In August 2014, a court ruled that a human photographer who owned the camera a black macaque used to take a selfie cannot claim copyright on the picture, using the same logic that says complete strangers don't own the copyright on a the picture you took of them standing in front of the Teddy Roosevelt butter sculpture at the state fair when they handed you their phone to use.
Now a U.S. District Court judge has ruled that the monkey doesn't own the photo either. PETA had brought the lawsuit on the monkey's behalf; the judged determined that the law doesn't specify that non-humans can claim photograph ownership, using the same logic that explains why your car doesn't own the copyright on the photo of you driving through a speed trap on the toll road. Also, since there are no monkeys in PETA, he had doubts about their legal standing to represent their client. (Sidenote: Does anyone actually know where the client is these days?)
The photographer insists he will appeal and win, since he intended to take a picture.
In other words: Black macaque selfie, still copyright-free.
The Harry Potter books get digital illustrations that mimic the magic images in the Harry Potter books.
...It still falls short of the wizard world versions, but maybe that's in part because we know how the trick works these days; maybe wizards aren't as wowed by their own living pictures either.
Available exclusively through Apple books (or iTunes or whatever they're calling it these days), at least for now. Standard digital versions that work on all platforms available at Pottermore.com.
Surprisingly, the new versions are competitively priced with the existing editions at $9.99 each; so if you read on an Apple device, and you like to watch the occasional looped cartoon out of the corner of your eye as you read, then why not.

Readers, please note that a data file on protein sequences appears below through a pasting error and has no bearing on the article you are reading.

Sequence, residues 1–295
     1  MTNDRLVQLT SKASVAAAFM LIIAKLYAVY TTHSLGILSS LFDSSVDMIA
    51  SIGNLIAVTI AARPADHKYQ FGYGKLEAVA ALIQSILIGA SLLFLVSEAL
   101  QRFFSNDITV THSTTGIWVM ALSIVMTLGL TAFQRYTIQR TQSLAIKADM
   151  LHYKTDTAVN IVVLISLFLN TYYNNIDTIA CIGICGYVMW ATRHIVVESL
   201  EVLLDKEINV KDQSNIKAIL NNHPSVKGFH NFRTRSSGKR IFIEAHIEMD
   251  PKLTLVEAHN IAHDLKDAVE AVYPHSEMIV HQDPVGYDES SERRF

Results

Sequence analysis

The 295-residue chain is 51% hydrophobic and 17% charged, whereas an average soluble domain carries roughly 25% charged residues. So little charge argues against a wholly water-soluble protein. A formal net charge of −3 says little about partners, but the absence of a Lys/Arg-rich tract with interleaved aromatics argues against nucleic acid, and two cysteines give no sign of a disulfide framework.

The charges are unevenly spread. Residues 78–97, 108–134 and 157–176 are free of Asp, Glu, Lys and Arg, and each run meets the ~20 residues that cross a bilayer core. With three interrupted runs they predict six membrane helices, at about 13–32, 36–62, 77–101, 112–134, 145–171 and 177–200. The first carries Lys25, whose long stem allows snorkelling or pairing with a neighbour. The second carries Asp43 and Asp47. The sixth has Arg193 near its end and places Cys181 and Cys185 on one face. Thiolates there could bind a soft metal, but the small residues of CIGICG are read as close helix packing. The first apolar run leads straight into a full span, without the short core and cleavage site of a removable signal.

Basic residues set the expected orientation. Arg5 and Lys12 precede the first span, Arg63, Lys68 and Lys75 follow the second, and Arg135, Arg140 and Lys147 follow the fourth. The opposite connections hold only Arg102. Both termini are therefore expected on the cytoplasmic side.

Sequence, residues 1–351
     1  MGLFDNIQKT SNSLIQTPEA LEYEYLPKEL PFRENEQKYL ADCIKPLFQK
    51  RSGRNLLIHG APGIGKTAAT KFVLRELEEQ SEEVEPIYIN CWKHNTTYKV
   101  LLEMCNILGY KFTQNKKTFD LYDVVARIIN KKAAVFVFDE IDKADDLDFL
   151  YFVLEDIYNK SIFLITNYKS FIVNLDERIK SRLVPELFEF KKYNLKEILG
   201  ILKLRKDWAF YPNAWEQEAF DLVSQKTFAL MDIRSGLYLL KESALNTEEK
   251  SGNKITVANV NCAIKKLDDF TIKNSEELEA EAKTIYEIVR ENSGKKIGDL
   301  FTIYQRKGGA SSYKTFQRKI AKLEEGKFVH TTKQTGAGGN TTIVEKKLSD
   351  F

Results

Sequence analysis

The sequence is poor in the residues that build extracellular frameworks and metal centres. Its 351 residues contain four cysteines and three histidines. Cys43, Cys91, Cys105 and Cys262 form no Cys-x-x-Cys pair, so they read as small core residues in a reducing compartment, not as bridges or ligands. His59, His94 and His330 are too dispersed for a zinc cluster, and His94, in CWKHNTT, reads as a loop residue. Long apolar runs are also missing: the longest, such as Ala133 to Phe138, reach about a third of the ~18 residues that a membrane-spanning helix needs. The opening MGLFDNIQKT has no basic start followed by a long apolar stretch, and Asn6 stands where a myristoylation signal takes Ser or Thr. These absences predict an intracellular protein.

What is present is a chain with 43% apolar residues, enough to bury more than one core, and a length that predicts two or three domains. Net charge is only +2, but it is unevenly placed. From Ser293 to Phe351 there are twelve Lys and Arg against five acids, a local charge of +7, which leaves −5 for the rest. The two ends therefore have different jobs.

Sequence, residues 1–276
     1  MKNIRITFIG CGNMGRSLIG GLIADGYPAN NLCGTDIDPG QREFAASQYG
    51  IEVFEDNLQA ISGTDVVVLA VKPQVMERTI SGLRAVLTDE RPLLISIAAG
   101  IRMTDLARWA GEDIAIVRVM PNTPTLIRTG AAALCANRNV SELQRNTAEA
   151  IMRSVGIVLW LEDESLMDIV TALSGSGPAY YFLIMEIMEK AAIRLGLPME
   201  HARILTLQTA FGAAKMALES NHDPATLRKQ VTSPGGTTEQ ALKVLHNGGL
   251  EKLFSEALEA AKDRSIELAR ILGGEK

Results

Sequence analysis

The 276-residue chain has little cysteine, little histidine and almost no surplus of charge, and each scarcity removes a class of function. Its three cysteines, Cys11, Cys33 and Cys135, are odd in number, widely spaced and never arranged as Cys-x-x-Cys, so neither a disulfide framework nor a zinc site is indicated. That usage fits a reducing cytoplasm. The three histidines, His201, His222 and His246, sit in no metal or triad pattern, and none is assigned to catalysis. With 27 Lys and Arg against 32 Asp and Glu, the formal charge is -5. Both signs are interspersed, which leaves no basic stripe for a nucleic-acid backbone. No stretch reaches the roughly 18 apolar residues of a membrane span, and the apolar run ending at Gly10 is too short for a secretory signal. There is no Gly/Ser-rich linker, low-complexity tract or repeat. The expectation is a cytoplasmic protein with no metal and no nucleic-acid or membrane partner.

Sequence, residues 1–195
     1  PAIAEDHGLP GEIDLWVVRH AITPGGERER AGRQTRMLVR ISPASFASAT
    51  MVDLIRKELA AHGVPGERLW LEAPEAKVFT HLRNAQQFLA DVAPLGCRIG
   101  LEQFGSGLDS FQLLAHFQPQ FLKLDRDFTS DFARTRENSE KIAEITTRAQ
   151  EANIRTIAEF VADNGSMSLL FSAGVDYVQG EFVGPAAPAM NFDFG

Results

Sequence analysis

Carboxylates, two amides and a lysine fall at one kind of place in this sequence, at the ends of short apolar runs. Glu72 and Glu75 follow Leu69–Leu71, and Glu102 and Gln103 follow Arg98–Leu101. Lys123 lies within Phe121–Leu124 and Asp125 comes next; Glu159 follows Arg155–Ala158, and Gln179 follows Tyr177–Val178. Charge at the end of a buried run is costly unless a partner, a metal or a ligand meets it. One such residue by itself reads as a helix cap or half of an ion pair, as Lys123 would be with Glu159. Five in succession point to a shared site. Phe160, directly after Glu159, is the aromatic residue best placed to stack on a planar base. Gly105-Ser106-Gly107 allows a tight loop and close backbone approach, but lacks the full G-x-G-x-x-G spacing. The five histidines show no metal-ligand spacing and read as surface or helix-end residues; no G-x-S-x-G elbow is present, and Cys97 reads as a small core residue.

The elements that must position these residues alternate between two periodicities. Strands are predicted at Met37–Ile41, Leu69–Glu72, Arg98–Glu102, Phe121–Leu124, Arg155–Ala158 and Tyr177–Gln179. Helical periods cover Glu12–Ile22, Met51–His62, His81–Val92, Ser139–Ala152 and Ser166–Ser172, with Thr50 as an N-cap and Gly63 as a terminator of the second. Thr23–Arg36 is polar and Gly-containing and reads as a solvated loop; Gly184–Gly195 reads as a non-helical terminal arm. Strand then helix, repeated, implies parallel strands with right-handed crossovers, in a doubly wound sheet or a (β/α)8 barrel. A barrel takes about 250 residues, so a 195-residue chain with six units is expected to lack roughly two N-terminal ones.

According to the New York Times, sales of e-books have cooled off. The dazzling arrival of e-books has cooled into the practical, mundane reality of reading. It's not that people have turned against e-books, but they're concentrating on the book, and not differentiating on the platform.
Something similar is happening with phones; while adults and teens are addicted to tiny screens, younger kids are less interested. In part, this is the natural urge to be different from the oldsters; but it's also a lack of tech adoration. These devices are a normal, mundane part of their lives, not magic.
"Jean Shepherd's America" ran on PBS back in the 70s. It was on Wednesdays -- or was it Saturday? This was when you had to actually watch things when they were on. Wish I could hear what Jean Shepherd would have to say about that.
Thirty minutes on the philosophy, and culture, of American beer. Not good beer; American beer.